­Lordstown students hold mock election

Tribune Chronicle / Bob Coupland

Nick Allen, left, an eighth-grader, places his ballot in a box during a mock election in Lordstown schools Tuesday. Helping at the event are Lindsey Burns, 16, a junior, center, and Addison Wilson, 15, a sophomore.

Tribune Chronicle / Bob Coupland Nick Allen, left, an eighth-grader, places his ballot in a box during a mock election in Lordstown schools Tuesday. Helping at the event are Lindsey Burns, 16, a junior, center, and Addison Wilson, 15, a sophomore.

LORDSTOWN — From mock elections to writing projects and Electoral College math, many teachers around the country are embracing the often-nasty presidential race between Republican Donald Trump and Democrat Hillary Clinton as a real-world teaching tool.

The Lordstown School District is no exception. On Tuesday, more than 255 students in grades six through 12 participated in a mock election hosted by the Lordstown High School Political History Club.

This election no doubt has presented challenges for educators, with difficult topics such as sexual assault, infidelity and just the general bitterness and angry rhetoric.

“Teachers all over the country are having some very hard conversations with their students in a non-partisan way,” says National Education Association President Lily Eskelsen Garcia.

It’s also opened the door, though, to some good debates. “They’re having discussions about race. They’re having discussions about religious freedom,” she said. “They’re having discussions about should girls aspire to be president as likely as a boy would aspire to be president.”

In Lordstown, the club members and high school government students learned about the election process by each campaigning for a different presidential candidate — Democratic nominee Hillary Clinton, Republican nominee Donald Trump, Green Party nominee Jill Stein,  Libertarian Party nominee Gary Johnson and Independent candidate Richard Duncan.

Superintendent Terry Armstrong said the event took place as part of National Mock Election Day, which is usually five days before the general election. Students came to the high school auditorium hall, were asked to sign in with their signatures at a registration table, were given a ballot, went to one of two voting booths and then put their ballot in a box.

Lordstown juniors and seniors who attend Trumbull Career and Technical Center voted at their school, with Amstrong picking up their results.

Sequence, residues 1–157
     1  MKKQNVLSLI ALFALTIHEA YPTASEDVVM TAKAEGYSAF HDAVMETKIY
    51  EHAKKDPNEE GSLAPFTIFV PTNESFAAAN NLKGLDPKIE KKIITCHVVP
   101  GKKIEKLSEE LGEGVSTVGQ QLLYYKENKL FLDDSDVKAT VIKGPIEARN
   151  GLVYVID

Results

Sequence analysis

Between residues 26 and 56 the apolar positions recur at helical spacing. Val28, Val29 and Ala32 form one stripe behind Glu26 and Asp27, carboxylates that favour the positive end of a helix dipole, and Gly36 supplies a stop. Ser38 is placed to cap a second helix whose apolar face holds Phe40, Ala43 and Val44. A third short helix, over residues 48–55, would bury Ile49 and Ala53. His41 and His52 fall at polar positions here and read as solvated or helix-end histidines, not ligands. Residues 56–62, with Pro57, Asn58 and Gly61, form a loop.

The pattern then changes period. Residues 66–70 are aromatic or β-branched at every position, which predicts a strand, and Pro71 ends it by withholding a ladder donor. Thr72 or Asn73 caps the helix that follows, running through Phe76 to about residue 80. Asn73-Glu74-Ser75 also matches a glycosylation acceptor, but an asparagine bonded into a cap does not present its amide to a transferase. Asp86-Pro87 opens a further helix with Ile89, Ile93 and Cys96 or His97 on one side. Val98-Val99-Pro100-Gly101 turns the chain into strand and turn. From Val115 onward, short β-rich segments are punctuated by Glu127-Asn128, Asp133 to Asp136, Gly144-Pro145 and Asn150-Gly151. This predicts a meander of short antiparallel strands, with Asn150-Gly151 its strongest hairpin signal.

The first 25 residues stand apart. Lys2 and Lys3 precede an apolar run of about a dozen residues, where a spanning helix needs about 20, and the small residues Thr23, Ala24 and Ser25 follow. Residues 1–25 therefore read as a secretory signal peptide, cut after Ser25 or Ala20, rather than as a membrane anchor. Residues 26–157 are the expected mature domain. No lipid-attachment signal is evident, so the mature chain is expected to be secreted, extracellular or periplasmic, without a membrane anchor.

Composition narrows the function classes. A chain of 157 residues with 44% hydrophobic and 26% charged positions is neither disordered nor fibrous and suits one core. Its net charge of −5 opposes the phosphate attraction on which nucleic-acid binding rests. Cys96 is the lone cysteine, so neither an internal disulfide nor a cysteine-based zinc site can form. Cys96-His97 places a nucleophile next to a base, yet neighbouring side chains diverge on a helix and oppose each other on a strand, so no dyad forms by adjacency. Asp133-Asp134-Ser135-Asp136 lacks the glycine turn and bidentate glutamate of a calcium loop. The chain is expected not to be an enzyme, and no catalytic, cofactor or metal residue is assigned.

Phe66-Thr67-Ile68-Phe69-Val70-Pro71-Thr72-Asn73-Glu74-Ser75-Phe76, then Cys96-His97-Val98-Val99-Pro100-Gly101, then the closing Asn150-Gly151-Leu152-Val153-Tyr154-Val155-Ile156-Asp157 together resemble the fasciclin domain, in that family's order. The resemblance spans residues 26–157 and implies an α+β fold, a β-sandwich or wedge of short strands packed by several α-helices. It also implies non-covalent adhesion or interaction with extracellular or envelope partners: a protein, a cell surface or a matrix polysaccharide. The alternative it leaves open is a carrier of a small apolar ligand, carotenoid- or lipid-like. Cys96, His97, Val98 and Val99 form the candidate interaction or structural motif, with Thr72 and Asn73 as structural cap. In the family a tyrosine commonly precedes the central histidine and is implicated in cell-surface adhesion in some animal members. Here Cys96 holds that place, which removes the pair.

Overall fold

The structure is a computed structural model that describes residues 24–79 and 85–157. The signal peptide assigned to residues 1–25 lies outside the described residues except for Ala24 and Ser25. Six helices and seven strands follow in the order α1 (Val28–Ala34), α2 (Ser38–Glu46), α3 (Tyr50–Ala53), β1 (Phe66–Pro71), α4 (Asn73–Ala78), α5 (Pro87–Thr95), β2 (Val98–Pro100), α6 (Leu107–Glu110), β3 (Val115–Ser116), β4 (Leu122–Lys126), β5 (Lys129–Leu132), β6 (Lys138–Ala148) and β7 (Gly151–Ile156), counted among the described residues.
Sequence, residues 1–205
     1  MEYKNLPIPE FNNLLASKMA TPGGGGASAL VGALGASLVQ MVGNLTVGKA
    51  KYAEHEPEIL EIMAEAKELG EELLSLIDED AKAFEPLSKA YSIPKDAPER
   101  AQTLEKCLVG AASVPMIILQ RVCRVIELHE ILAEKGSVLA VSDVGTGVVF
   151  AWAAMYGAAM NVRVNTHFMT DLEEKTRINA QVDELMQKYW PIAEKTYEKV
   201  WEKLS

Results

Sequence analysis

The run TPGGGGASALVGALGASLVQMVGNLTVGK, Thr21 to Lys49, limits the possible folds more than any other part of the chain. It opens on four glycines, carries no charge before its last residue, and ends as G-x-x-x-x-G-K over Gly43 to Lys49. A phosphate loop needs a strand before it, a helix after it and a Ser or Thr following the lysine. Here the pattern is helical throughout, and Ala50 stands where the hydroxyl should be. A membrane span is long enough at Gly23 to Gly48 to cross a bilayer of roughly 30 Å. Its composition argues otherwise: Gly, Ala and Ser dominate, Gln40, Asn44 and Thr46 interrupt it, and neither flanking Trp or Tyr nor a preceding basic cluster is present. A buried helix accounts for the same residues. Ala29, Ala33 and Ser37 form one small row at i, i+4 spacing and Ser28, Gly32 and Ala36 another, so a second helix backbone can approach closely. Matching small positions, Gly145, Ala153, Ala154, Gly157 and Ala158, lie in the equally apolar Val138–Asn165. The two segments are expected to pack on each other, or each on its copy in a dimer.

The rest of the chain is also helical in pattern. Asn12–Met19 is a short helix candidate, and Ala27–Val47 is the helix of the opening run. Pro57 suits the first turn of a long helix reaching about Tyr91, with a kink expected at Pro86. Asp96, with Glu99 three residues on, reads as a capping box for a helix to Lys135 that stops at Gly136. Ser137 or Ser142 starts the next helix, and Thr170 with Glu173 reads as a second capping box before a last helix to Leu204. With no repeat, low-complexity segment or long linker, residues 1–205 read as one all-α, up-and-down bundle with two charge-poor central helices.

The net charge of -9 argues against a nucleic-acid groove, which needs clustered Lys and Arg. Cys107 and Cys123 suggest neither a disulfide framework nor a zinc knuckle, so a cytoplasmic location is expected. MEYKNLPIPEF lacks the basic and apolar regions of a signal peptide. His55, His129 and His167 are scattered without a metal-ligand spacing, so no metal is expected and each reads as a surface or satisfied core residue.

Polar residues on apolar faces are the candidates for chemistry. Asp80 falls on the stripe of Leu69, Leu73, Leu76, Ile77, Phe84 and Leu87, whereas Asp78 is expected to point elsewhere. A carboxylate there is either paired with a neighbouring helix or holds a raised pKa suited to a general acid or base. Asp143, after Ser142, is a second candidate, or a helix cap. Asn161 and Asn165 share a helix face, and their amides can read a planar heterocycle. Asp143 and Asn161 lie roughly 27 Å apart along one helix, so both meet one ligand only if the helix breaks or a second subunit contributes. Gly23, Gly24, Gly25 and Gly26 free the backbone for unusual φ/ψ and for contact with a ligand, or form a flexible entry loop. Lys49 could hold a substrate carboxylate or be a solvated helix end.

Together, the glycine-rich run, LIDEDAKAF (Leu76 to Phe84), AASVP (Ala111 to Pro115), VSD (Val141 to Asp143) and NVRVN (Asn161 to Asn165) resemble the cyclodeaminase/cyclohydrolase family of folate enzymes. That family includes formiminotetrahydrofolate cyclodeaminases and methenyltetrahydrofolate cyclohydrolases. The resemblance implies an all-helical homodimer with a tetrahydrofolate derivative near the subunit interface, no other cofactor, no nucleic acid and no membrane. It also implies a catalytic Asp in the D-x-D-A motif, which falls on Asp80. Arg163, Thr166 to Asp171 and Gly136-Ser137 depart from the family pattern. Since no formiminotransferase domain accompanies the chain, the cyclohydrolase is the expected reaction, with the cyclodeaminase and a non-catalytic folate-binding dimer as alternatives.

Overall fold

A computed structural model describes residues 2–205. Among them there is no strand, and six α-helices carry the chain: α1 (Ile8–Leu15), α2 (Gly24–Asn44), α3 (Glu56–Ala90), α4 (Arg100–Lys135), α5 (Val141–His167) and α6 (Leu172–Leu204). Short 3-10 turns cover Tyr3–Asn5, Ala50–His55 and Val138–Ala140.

Government teacher Courtney Gibson said in recent weeks, government students in her three classes were placed on campaigns for the different candidates.

Ashley Slabaugh, 17, a senior, worked on the Stein campaign with nine other students.

”I was the Stein campaign manager and we had to make posters and fliers  and give speeches and get the word out to the students about her campaign issues and views,” she said.

The students also wrote an article for their candidate for the school newspaper and spoke in front of the entire student body.

”It was a fun way to learn how the election process works,” Slabaugh said.

”The students did an amazing job with their campaigning. Their speeches in front of the entire student body were very good and the posters looked amazing,” Gibson said.

Gibson said some of her senior students are 18 and will be voting on Tuesday.

Eighth-grader Jenna Burnfield, 13, said voting was easy.

”We were given a piece of paper with five names on it and we had to choose one of them and shade in the bubble. It was exciting waiting to hear the results at the end of the day,” she said.

”This let us give our opinion for president,” said eighth-grader Brooklyn Croyle, 13.

”You get to vote for who you want,” said eighth-grader Kirsten Stelt, 13.

When the 257 votes were counted, Trump received 95, Clinton 90, Stein 46, Johnson 20 and Duncan six.

Gibson said she was told students in Bloomfield, Howland and Maplewood districts also were scheduled to be voting at their schools.

bcoupland@tribtoday.com

The Associated Press contributed to this report.

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